January 28, 2003

Wavering Europe, think again

The role of internationalism in a world dominated by the American "War on Terror" is an ambiguous one. International terrorism is diffuse because of its ability to ignore borders and jurisdictions. The U.S. foreign policy of "going it alone" and ignoring the views and objections of our allies in favor of unilateral actions to theoretically protect America's national security is an untenable one. However, this doesn't mean that America should ignore its unique position as superpower and the responsibilities that entails, nor should the U.S. be asked to act in accordance with all the rules binding other nations.

It is absurd that the most powerful nation in history should adhere to the same guidelines of international behavior that apply to Luxembourg. The United States is beyond the ordinary rules because it must be if it's to accomplish anything with its unparalleled strength. Expressions of American arrogance notwithstanding, the United States can use its power to change the world.

Any argument that the United States has no right to do this, that with our own domestic problems it is hypocritical for the United States to impose its views of right and wrong on the rest of the world, is ludicrous. Logically, it is akin to saying that anyone who has not achieved Buddha-like enlightenment has no right to interfere in another's affairs, even to offer aid. In an ideal world every individual would respect the human rights of all, every nation would listen to reason and diplomacy, and every dictator would read Amnesty International pamphlets. The world we live in, however, is one in which brute force is often necessary to effect change.

Our generation must see the failures of the Bush Administration's policies to accomplish anything but destruction not as a failure of American interventionism, but a failure to match this willingness to become involved with a desire to help fellow human beings. Ensuring national security, which the "War on Terror" is supposed to accomplish, should be secondary to a larger American priority to extend the freedom, health, and prosperity we enjoy to as much of the world as possible. Military force cannot remain a tool used to protect American power and interests, but must be reinvented as a means not only of overthrowing rogue dictators, but of enabling humanitarian aid. This new American mission will be to use all of its power to improve the plight of the world's huddled masses.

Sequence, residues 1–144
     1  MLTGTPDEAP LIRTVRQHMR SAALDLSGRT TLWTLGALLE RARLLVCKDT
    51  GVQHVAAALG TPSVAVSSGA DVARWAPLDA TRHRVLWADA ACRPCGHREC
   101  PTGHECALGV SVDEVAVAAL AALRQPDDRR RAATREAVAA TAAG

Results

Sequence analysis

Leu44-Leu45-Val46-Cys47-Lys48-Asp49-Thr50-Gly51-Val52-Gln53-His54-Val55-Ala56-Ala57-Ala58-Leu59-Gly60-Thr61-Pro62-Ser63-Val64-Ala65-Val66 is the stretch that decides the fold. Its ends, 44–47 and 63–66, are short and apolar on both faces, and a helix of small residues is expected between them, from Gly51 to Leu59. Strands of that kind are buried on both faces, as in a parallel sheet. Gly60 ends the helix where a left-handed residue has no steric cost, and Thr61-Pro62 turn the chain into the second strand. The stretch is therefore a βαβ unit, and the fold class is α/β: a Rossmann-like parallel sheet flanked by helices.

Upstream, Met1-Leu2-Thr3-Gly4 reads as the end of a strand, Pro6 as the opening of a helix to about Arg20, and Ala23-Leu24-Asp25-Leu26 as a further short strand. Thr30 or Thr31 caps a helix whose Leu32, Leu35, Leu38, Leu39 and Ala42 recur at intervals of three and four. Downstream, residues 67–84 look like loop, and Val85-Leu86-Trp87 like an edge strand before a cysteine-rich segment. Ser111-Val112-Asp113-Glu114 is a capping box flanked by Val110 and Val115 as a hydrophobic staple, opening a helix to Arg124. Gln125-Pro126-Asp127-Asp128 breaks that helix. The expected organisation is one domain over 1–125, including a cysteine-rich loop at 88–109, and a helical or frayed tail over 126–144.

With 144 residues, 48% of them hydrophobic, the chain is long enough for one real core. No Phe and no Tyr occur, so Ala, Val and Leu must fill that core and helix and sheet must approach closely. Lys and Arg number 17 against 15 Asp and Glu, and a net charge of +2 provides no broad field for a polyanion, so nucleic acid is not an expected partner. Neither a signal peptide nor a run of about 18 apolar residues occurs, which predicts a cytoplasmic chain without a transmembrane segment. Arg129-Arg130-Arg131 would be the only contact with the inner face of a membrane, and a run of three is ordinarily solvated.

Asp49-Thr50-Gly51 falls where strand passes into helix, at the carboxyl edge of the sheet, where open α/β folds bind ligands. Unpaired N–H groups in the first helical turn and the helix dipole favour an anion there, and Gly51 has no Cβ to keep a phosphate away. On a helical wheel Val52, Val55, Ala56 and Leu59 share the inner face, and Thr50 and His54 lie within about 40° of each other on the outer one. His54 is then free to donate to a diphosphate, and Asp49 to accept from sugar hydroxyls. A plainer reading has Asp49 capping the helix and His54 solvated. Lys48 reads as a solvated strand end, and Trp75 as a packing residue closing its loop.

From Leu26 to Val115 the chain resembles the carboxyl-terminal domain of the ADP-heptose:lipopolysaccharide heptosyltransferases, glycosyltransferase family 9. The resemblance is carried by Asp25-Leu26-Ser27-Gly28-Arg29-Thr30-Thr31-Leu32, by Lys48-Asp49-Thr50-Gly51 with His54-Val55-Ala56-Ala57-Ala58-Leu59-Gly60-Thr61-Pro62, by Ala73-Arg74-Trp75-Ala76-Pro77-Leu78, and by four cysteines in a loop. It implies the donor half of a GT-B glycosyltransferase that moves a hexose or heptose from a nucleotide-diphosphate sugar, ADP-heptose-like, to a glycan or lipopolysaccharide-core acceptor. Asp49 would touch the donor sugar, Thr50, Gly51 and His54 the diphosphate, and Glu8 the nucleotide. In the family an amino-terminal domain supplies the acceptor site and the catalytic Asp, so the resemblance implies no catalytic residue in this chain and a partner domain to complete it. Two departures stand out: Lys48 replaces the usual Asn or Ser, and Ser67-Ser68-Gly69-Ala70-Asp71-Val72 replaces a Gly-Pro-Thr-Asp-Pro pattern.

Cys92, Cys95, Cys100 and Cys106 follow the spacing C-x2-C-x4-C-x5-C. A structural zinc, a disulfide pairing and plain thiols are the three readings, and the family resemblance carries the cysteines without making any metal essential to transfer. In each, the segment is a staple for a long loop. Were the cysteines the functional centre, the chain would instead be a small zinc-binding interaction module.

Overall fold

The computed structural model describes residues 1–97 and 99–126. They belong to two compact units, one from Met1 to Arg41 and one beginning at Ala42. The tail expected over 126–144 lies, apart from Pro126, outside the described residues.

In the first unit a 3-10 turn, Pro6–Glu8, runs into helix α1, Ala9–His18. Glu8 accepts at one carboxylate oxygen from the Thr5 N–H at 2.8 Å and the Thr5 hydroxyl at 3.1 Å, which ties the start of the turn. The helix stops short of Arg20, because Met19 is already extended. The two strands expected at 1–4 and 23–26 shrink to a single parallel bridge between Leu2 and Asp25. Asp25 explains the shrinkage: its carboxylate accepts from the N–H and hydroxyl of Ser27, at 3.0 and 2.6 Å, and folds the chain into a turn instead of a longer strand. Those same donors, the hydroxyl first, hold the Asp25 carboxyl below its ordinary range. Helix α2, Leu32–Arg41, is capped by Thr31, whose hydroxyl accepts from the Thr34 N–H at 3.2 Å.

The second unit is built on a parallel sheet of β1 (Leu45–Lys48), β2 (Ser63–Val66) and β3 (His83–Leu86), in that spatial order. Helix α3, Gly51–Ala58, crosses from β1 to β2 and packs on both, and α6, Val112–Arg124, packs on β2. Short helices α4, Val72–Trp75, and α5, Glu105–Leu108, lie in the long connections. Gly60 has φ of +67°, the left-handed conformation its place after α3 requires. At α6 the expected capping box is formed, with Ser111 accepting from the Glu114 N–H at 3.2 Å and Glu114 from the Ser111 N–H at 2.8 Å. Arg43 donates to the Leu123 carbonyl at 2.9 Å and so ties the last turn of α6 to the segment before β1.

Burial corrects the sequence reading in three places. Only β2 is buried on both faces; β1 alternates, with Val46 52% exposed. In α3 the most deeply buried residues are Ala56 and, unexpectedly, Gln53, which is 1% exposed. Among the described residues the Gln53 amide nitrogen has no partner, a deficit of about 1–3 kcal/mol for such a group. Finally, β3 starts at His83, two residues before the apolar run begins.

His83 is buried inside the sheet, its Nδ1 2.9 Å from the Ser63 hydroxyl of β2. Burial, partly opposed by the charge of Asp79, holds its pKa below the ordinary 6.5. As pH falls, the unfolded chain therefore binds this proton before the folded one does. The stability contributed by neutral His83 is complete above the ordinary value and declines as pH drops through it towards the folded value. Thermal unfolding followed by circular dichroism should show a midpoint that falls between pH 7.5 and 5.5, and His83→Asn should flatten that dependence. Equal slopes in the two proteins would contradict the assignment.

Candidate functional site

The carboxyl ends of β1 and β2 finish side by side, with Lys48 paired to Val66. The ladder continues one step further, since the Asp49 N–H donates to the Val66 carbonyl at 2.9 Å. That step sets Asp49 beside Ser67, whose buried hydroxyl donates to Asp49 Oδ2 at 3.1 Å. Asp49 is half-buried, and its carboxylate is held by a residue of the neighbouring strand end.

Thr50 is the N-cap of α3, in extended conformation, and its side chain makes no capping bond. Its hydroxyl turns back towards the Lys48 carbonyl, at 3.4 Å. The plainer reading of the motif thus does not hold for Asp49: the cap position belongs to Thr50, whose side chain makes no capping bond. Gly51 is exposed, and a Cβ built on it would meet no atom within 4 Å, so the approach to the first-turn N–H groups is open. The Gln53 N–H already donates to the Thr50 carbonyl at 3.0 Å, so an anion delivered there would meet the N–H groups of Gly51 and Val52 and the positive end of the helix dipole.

Perhaps the biggest stumbling block for an American foreign policy of toppling dictators and building prosperity out of poverty lies in Europe, which could present either a strong ally in such an endeavor or an irritating complication. Not that an interventionist America would be happily greeted by the world outside of Europe, but the goodwill of our historical European allies has been strained by Bush's acrimonious stance on U.S. unilateralism. These cross-Atlantic debates have brought to the foreground the gulf in ideology between the U.S. and Europe. The inclination in Europe towards a "soft-touch" approach to global problems, utilizing diplomatic pressure and economic sanctions in crisis situations, is just as foolhardy as Bush's American-militarism-without-point. The liberal "Euro-weenies" that guide this sort of foreign policy are skipping into tomorrow without any serious efforts at improving the sick and broken world of today.

The middle ground between European pacifism and the U.S. policy of preemptive, unilateral military action lies in a willingness for the United States to engage the world's problems, even with military force, but with the goal of improving our world and securing the future of all nations.